Right on cue

Well, last night’s post was well timed. I swear, I know nothing about it.

(I should stress that I knew nothing about it, as I’m slightly concerned that the bomb-makers seem to be following me. I arrived in the UK last year in the middle of the 7/7 bombings, and discovered that some of the bombs may have been manufactured near my old home in the Hyde Park area of Leeds. Now it turns out one of the properties raided last night was very close to my last home, on Forest Road in Walthamstow. Anti-terror squad take note: next time I move, keep a close eye on the Clifton area of Bristol.)

Deputy Commissioner Paul Stephenson of Scotland Yard said, “We cannot stress too highly the severity that this plot represented.” Naturally, the prevention of mass murder is welcomed. But I say again: this threat definitely can be stressed too much. I’m reminded of a Fry & Laurie sketch where Hugh Laurie asks of something or other, “Is too much bad for you?” Stephen Fry’s withering reply is, “Of course too much is bad for you, you twit! That’s what ‘too much’ means. Too much water is bad for you!”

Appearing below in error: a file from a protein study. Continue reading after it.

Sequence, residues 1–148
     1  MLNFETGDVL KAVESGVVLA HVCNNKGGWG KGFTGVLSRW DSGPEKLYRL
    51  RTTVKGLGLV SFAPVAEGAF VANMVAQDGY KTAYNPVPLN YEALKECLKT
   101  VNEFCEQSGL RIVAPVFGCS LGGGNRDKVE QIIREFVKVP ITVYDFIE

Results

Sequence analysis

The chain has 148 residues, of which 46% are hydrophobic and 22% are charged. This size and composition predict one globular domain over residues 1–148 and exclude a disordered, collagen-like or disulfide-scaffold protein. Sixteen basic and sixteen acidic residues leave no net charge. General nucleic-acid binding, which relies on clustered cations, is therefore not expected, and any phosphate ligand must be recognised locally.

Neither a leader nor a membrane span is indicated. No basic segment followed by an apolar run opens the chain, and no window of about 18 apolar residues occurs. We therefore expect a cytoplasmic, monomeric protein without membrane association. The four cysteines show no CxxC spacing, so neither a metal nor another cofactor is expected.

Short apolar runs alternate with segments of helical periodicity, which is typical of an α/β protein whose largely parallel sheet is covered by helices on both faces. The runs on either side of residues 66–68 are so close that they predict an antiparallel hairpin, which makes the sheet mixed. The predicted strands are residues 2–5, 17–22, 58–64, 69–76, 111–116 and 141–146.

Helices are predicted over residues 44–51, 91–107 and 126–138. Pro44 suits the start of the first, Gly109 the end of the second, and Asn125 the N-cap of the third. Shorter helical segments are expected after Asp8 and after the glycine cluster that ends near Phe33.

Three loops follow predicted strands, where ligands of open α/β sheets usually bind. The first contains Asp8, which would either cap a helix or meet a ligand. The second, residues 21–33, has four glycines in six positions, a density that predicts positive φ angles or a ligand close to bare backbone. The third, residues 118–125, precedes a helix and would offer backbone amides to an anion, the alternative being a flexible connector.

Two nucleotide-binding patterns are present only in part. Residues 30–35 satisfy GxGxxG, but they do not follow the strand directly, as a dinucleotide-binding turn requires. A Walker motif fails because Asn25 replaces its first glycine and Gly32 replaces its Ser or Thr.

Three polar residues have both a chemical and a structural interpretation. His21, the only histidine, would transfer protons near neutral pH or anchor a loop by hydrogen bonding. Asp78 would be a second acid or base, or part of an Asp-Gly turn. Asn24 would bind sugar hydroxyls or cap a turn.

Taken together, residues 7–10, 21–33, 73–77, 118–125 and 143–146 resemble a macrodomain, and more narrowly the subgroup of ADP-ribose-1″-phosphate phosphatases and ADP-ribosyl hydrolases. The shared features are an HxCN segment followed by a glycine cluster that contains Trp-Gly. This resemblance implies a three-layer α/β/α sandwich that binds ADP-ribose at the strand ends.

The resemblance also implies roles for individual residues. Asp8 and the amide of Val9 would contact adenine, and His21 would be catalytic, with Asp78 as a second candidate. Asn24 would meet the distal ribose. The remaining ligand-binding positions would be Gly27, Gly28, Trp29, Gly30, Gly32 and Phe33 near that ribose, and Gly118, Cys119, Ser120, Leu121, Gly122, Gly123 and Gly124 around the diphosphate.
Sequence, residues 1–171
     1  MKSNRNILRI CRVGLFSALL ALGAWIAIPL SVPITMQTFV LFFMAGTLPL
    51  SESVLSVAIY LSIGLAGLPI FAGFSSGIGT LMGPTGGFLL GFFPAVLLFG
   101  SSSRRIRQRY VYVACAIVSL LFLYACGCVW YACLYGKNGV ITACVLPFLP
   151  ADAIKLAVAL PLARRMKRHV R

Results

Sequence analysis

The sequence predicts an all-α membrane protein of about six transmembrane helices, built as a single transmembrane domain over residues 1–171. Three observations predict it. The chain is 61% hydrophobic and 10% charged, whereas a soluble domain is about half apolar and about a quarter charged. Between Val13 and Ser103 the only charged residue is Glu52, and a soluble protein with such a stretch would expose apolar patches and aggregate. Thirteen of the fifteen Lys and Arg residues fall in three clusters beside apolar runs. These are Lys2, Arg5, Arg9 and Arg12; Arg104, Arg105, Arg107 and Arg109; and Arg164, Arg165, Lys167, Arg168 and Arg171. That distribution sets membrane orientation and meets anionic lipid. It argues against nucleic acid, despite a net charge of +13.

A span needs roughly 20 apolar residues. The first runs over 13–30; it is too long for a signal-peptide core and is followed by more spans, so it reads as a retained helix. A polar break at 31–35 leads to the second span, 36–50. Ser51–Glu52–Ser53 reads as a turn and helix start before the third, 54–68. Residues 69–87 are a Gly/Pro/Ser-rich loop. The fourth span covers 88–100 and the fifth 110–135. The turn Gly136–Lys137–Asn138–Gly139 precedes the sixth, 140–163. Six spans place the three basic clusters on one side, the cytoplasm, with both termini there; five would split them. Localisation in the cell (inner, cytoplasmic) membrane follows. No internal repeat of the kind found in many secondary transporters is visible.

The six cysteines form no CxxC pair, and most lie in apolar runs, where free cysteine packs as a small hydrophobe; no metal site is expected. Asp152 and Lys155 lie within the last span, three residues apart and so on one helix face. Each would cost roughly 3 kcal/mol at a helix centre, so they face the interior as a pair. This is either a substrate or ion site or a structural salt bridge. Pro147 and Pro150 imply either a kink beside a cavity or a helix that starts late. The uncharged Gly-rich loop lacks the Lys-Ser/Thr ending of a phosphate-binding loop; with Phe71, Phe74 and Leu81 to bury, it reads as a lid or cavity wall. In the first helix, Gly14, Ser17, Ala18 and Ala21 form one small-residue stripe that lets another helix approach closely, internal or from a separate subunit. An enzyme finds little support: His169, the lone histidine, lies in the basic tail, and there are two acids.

Of course we’ll have to let the politicians have their moment, their chance to appear as if they’re actually serving some useful purpose. Little George W. Bush remains stuck in Power Through Scare Tactics 101:

The American people need to know we live in a dangerous world, but our government will do everything we can to protect our people from those dangers.

What’s scary, of course, is that many will swallow it whole.

It is fascinating, however, how poetically the vulgar throes of the world move. The inevitable dwindling of fossil fuels arrives, maybe a little too late for those supposedly omniscient “market signals” to respond to climate change, but certainly in time for us to pull back from total disaster, if we choose. Similarly, with the prospect of planned new efficiency measures in aviation being outstripped, in carbon emissions terms, by increased demand for flights, perhaps we can discern a silver lining to this particular terrorist threat, overblown or not.

So I say: be afraid. Be very afraid. Buy every fear-mongering lie the politicians and media throw at you. I welcome draconian security measures at airports. Let’s have full luggage and body inspections for everyone on every flight. Intensive screening interviews for anyone not known personally by airport security staff. Let’s stick everything in luggage: only naked people allowed on board.

If we can’t get this monstrously destructive aviation monkey off our back with some simple good sense and restraint, maybe this manufactured hysterical fear thing will do the trick.

Long live Bush and Blair! May their reign of fear never cease!

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